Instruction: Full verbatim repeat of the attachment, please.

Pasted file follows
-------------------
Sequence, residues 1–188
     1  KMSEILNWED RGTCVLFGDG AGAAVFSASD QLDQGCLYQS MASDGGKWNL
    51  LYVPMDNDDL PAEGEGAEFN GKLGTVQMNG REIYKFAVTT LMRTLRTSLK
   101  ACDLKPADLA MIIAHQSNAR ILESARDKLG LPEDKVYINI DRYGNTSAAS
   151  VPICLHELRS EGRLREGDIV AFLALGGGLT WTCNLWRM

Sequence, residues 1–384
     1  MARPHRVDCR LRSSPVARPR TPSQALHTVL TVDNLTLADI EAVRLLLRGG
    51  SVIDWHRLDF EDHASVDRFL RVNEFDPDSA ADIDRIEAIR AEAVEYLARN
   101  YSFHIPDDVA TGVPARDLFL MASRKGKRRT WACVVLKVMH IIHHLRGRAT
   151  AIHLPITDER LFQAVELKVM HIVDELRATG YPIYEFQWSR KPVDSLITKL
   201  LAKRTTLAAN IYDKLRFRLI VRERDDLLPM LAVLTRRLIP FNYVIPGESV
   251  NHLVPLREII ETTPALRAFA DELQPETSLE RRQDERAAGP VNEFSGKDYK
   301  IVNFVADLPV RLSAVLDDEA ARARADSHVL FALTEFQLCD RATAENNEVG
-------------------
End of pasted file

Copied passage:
Sequence, residues 1–188
     1  KMSEILNWED RGTCVLFGDG AGAAVFSASD QLDQGCLYQS MASDGGKWNL
    51  LYVPMDNDDL PAEGEGAEFN GKLGTVQMNG REIYKFAVTT LMRTLRTSLK
   101  ACDLKPADLA MIIAHQSNAR ILESARDKLG LPEDKVYINI DRYGNTSAAS
   151  VPICLHELRS EGRLREGDIV AFLALGGGLT WTCNLWRM

Sequence, residues 1–384
     1  MARPHRVDCR LRSSPVARPR TPSQALHTVL TVDNLTLADI EAVRLLLRGG
    51  SVIDWHRLDF EDHASVDRFL RVNEFDPDSA ADIDRIEAIR AEAVEYLARN
   101  YSFHIPDDVA TGVPARDLFL MASRKGKRRT WACVVLKVMH IIHHLRGRAT
   151  AIHLPITDER LFQAVELKVM HIVDELRATG YPIYEFQWSR KPVDSLITKL
   201  LAKRTTLAAN IYDKLRFRLI VRERDDLLPM LAVLTRRLIP FNYVIPGESV
   251  NHLVPLREII ETTPALRAFA DELQPETSLE RRQDERAAGP VNEFSGKDYK
   301  IVNFVADLPV RLSAVLDDEA ARARADSHVL FALTEFQLCD RATAENNEVG